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Iran allows UN watchdog access to planned reactor

Iran allowed IAEA nuclear officials to inspect the construction site of a heavy water reactor last week after blocking visits by the UN non-proliferation watchdog for over a year, diplomats said.

world Updated: Aug 21, 2009 15:49 IST

Iran allowed IAEA nuclear officials to inspect the construction site of a heavy water reactor last week after blocking visits by the UN non-proliferation watchdog for over a year, diplomats said.

The International Atomic Energy Agency, which is expected to circulate its latest report on Iran next week, has been pushing Tehran to grant it access to the Arak site so that its experts can verify it is being designed for peaceful uses only.

The IAEA's next report will help form the basis of diplomatic talks planned for September 2, when the United States, Britain, France and Germany are expected to urge Russia and China to consider a fourth round of UN sanctions on Iran.

Iran, which says its nuclear programme is only aimed at power production and peaceful scientific research, has said the Arak complex will be geared to producing isotopes for medical care and agriculture.

But Western powers fear Iran may configure the reactor to derive plutonium from spent fuel rods as another possible source of bomb-grade fuel, besides its Natanz uranium enrichment plant, which is under daily IAEA surveillance.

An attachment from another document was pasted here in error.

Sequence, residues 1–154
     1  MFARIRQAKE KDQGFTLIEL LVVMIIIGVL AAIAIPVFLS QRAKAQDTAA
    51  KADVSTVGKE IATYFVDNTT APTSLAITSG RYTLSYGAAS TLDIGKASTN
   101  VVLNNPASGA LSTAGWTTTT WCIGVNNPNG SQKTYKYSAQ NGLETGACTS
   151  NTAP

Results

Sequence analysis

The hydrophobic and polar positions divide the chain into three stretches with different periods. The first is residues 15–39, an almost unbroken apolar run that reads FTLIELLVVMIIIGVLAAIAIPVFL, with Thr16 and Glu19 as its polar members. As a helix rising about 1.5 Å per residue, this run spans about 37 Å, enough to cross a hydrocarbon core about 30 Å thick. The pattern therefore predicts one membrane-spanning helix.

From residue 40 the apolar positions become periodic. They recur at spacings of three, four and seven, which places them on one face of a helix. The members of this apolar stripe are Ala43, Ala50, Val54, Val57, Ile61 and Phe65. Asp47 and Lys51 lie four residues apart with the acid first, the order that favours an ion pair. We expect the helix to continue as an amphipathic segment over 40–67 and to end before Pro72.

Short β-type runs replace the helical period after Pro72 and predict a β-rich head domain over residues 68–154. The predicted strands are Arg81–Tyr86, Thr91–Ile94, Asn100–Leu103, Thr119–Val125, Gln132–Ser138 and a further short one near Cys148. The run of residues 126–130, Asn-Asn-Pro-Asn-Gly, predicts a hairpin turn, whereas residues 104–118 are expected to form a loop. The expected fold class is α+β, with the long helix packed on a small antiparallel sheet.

"Inspectors visited (Arak) and did their job," said a senior diplomat familiar with the confidential IAEA inspections.

Diplomats also said Iran had allowed an upgrade of IAEA monitoring at the Natanz site as requested by the agency which had been finding it hard to keep track of expanding activity.

Inspectors have told the agency that containment and surveillance measures at Natanz, such as cameras and sealing, have been upgraded to the agency's current needs.

But the IAEA's next report is expected to show further growth in enrichment activities there.

The IAEA said in June that the plant was swiftly outgrowing inspectors' ability to monitor it effectively -- namely, to verify no deviations from civilian enrichment.

Some 5,000 centrifuge machines were enriching uranium then with 2,400 more being set up on the same underground production floor.

The next batch may well be refining nuclear fuel full time by now with a similar number on line for installation.